Unlike more traditional ESG approaches, sustainable investing does not just rely on shareholder influence to do good while producing competitive returns. It also achieves positive outcomes via investment selection, portfolio management, and where needed, contractual arrangements.
With impact investing, meanwhile, doing good becomes the goal in itself and there is a clear link between invested money and measurable outcomes. As with sustainable investing, this relationship is positive, but here it is more fluid. Impact investing targets market returns. So-called impact-first investing requires a trade-off.
We believe sustainable and impact investing produces better results versus mainstream ESG approaches. Specifically, there is a bigger positive impact, results are predefined, transparent and quantifiable, risk adjusted returns are improved, as is diversification.
Our favoured approach is to create a platform to mobilise public and private capital. This could include a range of funds that focus on solving different global issues, each with its own risk, return and correlation profile.
Strategies include a so-called double bottom line – doing good and making money. For example, this could be achieved by investing in projects that increase food production or generate renewable energy cashflows. Private equity and private debt strategies seem to work the best. These can be in-house funds, often run by asset management firms, or public-private partnership vehicles that buy in the management expertise they need.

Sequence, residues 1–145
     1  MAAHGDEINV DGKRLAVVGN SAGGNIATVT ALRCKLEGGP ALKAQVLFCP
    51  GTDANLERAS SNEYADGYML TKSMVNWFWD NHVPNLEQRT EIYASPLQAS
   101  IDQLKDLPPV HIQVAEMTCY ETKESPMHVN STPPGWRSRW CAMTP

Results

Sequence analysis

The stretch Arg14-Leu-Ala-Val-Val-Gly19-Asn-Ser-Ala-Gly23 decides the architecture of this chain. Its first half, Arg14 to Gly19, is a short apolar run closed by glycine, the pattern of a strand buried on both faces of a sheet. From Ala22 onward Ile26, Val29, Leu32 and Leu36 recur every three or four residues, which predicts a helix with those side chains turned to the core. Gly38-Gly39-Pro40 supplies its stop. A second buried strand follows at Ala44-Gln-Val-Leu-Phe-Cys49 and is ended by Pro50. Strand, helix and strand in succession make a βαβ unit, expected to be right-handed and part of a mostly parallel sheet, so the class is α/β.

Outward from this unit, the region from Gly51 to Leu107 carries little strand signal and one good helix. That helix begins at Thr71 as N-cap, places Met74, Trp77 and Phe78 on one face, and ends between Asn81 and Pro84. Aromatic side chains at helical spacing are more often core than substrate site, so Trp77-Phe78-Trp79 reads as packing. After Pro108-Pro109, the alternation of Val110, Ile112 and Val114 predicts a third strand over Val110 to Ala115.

The matching up of private and public money can be vital to creating investments that have the proper returns and risk mitigation in addition to the measurable impacts. Investors approve because the presence of a large named organisation can legitimise an investment. Government or quasi-public institutions like these structures because their money has been leveraged into worthwhile projects.
Finding the right investors and partners while structuring a solution is hard. But the real valued added a manager brings is to make a suitable return at the same time as meeting a client’s desire to do good. For example, what is the best way to make money from toxin management? Is investing in fuel cells or hydro storage more profitable?
Therefore sustainable portfolio management teams need to be large and experienced enough to have a deep understanding of a wide range of disparate sectors and industries, both in the private and public domains. Contacts are also crucial as politicians and bureaucrats often have a disproportionately big influence on outcomes.
The most common way for investors to gain exposure to sustainability and impact strategies is via private funds. These can be equity or debt-based, and come in multiple forms and with different risk levels. The majority of impact funds are private equity funds, but the largest funds with the most liquidity are private debt funds.Click here to read the complete article.